Three Ways To Turbo-Charge The Improvements in Your Occasional Webcomic

2017-artwork-webcomic-quick-improvements

Well, since (at the time of writing) I was busy making a webcomic mini series that will appear here in October, I thought that I’d talk briefly about how to improve your occasional webcomics significantly within a relatively short period of time.

After all, whilst I’ve technically been making webcomics since 2010 (or earlier if you count the failed projects I never posted online), I only really started my current occasional webcomic in 2011/12. Likewise, thanks to the fact that I seem to be pretty far ahead with my art, I originally wrote this article about 4.5 – 5.5 years later. Here’s a comparison chart:

 [CLICK FOR LARGER IMAGE] These two panels from my occasional webcomic series may be posted online more than six years apart, but they were made five and a half years apart.

[CLICK FOR LARGER IMAGE] These two panels from my occasional webcomic series may be posted online more than six years apart, but they were made five and a half years apart.

So, despite only making webcomics occasionally, how did I go from the comic on the left to the comic panel on the right within just a few years? And how can you?

1) Regular art practice: Even though I only post webcomics occasionally, I have been doing regular daily art practice since 2012. I originally started out by making small daily drawings that were about a quarter of an A4 piece of paper in size. Then I gradually increased the image size until I found the right one for me, discovered new art materials (eg: watercolour pencils), discovered new techniques (eg: digital image editing techniques, better shading, improvements to my art style etc..) etc… over the years.

When I’m not making webcomics, I’ll make a painting every day. Like with webcomics, I’ll keep a fairly large “buffer” of paintings made in advance to keep the time pressure as low as possible – but I’ll add to it every day.

Regular art practice is one of those things that will seriously improve your webcomic, especially if – like me – you only make webcomics occasionally. Of course, if you’re making a “traditional” webcomic that is constantly updated, then you’ll be getting regular art practice whilst making the comic.

But, one advantage to regular non-webcomic art practice is that it helps you to focus on practicing just the art (without writing dialogue) and it helps you to learn what makes a good picture, as well as what makes a good comic panel.

2) Read more webcomics (and watch/play other stuff): When I started my current occasional webcomic mini series in 2011/12, the writing was a bit clunky. Sometimes, I’d come up with a funny comic and sometimes my comics would be really crappy and/or random, like this old one from 2013:

"Damania - Essence" By C. A. Brown [31st March 2013]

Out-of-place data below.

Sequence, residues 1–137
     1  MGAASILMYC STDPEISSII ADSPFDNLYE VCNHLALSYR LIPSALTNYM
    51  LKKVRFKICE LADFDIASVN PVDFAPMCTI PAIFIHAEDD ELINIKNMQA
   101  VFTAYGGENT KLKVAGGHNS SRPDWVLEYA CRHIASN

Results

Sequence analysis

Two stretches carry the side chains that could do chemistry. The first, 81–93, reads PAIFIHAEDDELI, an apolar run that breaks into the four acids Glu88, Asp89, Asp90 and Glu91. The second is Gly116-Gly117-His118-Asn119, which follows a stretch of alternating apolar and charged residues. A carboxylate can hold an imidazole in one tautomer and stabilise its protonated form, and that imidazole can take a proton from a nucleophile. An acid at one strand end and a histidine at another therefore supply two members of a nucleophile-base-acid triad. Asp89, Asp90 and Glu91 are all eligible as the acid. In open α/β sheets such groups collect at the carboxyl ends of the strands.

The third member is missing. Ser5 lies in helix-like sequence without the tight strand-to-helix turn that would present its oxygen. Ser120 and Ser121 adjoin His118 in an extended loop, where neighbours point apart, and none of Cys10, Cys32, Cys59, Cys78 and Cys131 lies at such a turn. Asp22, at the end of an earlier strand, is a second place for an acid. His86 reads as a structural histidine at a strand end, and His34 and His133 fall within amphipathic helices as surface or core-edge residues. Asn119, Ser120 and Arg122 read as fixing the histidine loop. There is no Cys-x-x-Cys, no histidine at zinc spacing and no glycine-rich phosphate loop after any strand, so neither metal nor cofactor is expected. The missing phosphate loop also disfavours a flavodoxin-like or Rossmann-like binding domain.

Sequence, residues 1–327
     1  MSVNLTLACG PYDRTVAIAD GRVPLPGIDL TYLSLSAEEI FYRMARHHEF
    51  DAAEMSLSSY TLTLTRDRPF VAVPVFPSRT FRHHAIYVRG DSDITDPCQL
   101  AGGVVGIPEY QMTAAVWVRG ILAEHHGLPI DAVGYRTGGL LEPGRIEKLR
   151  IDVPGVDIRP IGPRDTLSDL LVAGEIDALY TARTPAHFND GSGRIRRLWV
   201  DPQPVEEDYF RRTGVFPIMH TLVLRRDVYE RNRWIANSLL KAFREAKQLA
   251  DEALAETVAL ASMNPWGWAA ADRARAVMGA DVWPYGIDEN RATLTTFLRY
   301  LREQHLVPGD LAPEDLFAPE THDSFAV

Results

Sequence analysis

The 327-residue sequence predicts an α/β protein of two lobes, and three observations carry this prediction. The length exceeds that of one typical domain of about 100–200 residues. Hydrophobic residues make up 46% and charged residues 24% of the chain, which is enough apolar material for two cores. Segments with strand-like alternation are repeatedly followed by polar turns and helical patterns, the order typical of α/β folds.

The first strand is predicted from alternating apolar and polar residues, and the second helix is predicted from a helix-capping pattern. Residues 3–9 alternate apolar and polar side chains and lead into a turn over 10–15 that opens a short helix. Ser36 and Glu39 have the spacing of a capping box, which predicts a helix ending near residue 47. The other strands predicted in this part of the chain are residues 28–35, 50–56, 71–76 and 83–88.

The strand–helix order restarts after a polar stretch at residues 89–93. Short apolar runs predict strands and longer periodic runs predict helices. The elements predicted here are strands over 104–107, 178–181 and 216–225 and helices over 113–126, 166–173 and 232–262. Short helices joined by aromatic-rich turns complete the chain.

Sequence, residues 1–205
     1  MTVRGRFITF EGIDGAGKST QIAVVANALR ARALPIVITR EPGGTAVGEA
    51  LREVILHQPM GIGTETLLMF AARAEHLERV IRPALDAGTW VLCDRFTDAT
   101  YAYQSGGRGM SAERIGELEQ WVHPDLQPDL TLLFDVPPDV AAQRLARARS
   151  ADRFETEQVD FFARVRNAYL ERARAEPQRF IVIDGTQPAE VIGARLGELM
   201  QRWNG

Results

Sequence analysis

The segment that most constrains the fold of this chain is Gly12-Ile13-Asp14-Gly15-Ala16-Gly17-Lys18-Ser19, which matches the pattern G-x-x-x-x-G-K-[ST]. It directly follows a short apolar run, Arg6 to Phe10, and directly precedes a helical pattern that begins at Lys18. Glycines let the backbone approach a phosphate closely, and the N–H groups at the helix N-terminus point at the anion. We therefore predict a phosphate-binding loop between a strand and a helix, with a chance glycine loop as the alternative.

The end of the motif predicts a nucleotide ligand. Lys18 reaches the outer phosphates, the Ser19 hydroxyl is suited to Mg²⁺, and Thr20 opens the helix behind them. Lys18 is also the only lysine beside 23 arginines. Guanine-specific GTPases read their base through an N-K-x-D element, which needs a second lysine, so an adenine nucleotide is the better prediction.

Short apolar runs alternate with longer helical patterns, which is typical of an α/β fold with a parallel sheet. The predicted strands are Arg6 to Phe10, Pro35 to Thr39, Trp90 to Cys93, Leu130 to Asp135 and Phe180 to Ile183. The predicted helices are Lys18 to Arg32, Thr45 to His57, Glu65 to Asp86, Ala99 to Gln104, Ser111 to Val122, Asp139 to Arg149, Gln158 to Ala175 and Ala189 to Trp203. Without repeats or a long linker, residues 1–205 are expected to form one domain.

“Damania – Essence” By C. A. Brown [31st March 2013]

But, one of the things that really helped to improve the writing in my webcomic over the years was looking at more stuff. Sure I read a lot of traditional print comics in 2008-11, but I’d only read a few traditional webcomics back then (eg: “Unicorn Jelly”, “Penny Arcade”, “Ctrl + Alt + Del”, “Least I Could Do”, “Questionable Content”, “Saturday Morning Breakfast Cereal” etc..). Within the past couple of years, I’ve started discovering webcomics that really push the boundaries of the medium, like Winston Rowntree’s “Subnormality“.

But, most of all, I’ve found far more influences from outside of webcomics. I’ve watched a lot more TV shows on DVD since 2012 than I had done before then. I’ve played a lot more “point and click” games (good for learning concise dialogue, characterisation etc…). I’ve taken the time to analyse the things that I really like to learn more about my artistic tastes and my own sense of humour.

Basically, the more influences you have (eg: cool things you discover that make you feel like “I want to make something like that”) then the more this is going to improve your webcomic. So, be on the look out for interesting webcomics, fascinating TV shows, compelling computer games etc….

3) Plan it!: For a long time, I resisted planning my webcomics in advance. I thought that planning took the spontaneity and fun out of making webcomics. I couldn’t have been more wrong.

My webcomics were hit and miss. For every funny comic update I made, I’d make at least two or three crappy ones. I’d get writer’s block a lot more often, sometimes even during the middle of making a comic update. It was only when I went through a phase of mostly making story based webcomics (from February-July this year) that I finally really learnt the value of planning comics in advance. Yes, I still sometimes foolishly fail to do it, but I try to plan most of the time these days.

Your plans don’t have to be detailed (the art quality in them doesn’t matter at all). But, if you plan out your comics in advance then this gives you time to spot any possible flaws in your comic before you start making it. It also gives you a chance to refine and improve your ideas before you make the final comic.

But, best of all, once you’ve made your plan, you can just get on with making the next comic update. No pausing in the middle to work out what you’re going to write next, no desperately trying to salvage a failed panel etc… You can actually just make the whole comic update, because you already know what it is going to include. In other words, making webcomics feels more spontaneous when you’ve got a plan.

———

Anyway, I hope that this was useful 🙂

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